By Elois Zeanah
The stage is set
The White House is the backdrop for a storied summit with key members of Congress. The plot is for the President to pledge his support for border security if his amnesty plan passes, and to do what President Bush tried but couldn’t accomplish — convince Congress to pass a comprehensive amnesty plan. (Never mind that a “secure the border first” bill passed in 2006 and money has already been earmarked to fortify the border.)
The theatrical prop is provided by “Big Smile” Charles Schumer, who unveils a plan to “overhaul the nation’s immigration laws, including a requirement that all U.S. workers verify their identity through fingerprints or an eye scan.”
Senate Democrats trumpet the tune that “a national system to verify work documents is necessary because Congress has failed to crack down on unscrupulous employers and illegal immigrants with fake documents. (Never mind that taxpayers have already paid for an effective federal tool that is in place and would immediately stop outlaw employers and illegal workers, if the President and Congress would stop dragging their feet and renew it. It is E-Verify and it expires September 30, 2009.)
Playacting is convincing
The theme for this theatrical setting is a visual trick. Script what the public wants – border security and enforcement of the rule of law – to gain confidence, then tell voters you have the solution and sell the suckers the same solution twice.
Will the lure of the prestigious White House, a popular president, a minister of propaganda, and a promise to fix immigration flim flam Members of Congress again? Similar staging happened in 2006. Republicans and Democrats were actors in the pro-amnesty plot. Politicians played their character parts exceptionally well. Working through conflicts and tensions of the plot, and wringing their hands as they reached the story’s end that they had no choice but to make illegal immigrants legal, political actors poised to approve amnesty and take their bows. But before the final curtain could fall, voters unexpectedly took the stage for a dramatic climax. Roles reversed: Voters took the lead and a new ending to the story unfolded.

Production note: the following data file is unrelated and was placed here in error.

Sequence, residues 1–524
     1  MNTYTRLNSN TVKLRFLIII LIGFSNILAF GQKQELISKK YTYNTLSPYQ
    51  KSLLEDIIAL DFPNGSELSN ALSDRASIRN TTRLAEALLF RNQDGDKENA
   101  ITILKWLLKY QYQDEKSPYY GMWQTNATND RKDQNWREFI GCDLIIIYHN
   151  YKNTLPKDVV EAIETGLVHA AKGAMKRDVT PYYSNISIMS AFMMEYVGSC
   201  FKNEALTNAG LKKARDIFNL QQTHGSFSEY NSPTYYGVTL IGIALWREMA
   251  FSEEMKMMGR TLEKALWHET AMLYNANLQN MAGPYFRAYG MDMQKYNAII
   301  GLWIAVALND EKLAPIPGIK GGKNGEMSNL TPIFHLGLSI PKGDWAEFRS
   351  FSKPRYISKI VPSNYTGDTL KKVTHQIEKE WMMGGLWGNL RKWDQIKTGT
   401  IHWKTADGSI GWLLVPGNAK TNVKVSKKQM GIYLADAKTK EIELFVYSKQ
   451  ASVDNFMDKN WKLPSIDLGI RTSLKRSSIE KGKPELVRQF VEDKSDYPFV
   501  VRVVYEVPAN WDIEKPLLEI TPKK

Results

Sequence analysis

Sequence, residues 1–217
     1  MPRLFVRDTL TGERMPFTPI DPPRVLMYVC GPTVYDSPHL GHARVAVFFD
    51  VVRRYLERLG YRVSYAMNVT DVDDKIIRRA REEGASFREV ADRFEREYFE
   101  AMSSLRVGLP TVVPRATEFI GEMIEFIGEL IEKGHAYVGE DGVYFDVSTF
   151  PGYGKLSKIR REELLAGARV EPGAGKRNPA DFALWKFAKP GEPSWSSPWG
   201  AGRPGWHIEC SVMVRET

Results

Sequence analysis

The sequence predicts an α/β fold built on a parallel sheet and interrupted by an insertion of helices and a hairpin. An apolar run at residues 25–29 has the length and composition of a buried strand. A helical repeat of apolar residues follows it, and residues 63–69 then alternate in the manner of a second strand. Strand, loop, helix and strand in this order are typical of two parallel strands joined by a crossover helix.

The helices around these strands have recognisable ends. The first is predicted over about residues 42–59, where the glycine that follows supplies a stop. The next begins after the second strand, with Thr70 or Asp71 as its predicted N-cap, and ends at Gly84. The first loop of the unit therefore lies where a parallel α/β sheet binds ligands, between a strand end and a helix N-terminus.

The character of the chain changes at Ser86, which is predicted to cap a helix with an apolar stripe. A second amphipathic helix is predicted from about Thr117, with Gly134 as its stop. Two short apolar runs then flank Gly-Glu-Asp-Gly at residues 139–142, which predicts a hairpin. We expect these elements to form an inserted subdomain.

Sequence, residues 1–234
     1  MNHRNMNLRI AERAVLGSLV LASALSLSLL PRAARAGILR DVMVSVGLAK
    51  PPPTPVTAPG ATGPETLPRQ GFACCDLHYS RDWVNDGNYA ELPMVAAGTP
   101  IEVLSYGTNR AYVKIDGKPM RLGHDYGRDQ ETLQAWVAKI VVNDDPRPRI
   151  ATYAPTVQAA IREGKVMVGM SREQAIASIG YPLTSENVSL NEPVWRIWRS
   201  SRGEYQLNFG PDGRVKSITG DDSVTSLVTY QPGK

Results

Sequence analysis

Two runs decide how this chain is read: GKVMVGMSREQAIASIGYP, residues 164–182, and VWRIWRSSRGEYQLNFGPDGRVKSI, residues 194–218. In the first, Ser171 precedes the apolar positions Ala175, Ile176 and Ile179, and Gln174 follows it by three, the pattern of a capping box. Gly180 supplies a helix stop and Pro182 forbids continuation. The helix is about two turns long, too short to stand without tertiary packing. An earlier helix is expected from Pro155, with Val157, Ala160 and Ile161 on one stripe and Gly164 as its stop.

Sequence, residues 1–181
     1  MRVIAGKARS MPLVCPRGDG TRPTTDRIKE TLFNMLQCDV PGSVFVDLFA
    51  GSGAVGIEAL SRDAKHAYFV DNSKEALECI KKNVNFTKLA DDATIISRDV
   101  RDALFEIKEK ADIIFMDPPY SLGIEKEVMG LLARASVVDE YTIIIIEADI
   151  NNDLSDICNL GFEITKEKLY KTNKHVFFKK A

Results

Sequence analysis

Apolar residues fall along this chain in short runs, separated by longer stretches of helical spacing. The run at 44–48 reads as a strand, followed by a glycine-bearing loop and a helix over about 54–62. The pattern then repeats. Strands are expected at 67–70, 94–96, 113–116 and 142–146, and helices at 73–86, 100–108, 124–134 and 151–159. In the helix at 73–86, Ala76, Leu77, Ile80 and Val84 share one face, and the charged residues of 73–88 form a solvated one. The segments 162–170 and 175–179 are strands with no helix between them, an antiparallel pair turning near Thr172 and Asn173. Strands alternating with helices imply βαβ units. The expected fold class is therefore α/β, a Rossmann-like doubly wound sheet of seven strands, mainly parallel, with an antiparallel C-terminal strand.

Spectators steal the show
Spectators stormed the stage, ripped the script, and wrote a new ending. One month before the 2006 election, Congress bowed to voters’ demands for “No amnesty! Border security first!” That was the last curtain call, we thought. But once again, voters were betrayed and politicians have written another Act in their plot.
The truth is hidden behind the curtain
Once again a seductive stage is set. Will a new, more likable president, and the same pro-amnesty pols get away with foolery the second time around, using the same plot outline but changing the script slightly? Or will the curtain be drawn to reveal the truth once again. The truth is we don’t need to tap more tax dollars to create new programs. The solution is E-Verify, which the president and Democrats have put on life-support and plan to pull the plug as soon as it is politically convenient. The new proposal to require fingerprints and eye scans is a diversion so they can.
The President and Congress should breathe new life into E-Verify
E-Verify is the federal Internet program that was designed to do exactly what the president and Senate Democrats say needs to happen: “Crack down on unscrupulous employers and illegal immigrants with fake documents.”
E-Verify scans Social Security Numbers of proposed workers in 20 seconds, costs dollars, and is 99.8% accurate. If employers were mandated to use E-Verify, there would be no jobs magnet, no outlaw employers, and no illegal workers. Illegal immigration would take care of itself through attrition. This would go far to solve the problem of illegal immigration and plug the drain on federal and tax dollars that illegal immigration consumes. Billions of dollars would be saved annually on enforcement, education, health care costs and welfare.
The federal government shouldn’t spend more tax dollars on a new scheme. The President and Congress should stop playing con games and mandate that employers use E-Verify.
Will voters once again draw the curtain to reveal reality and turn the plot into a revenge/justice story where something bad happens but everything works out in the end?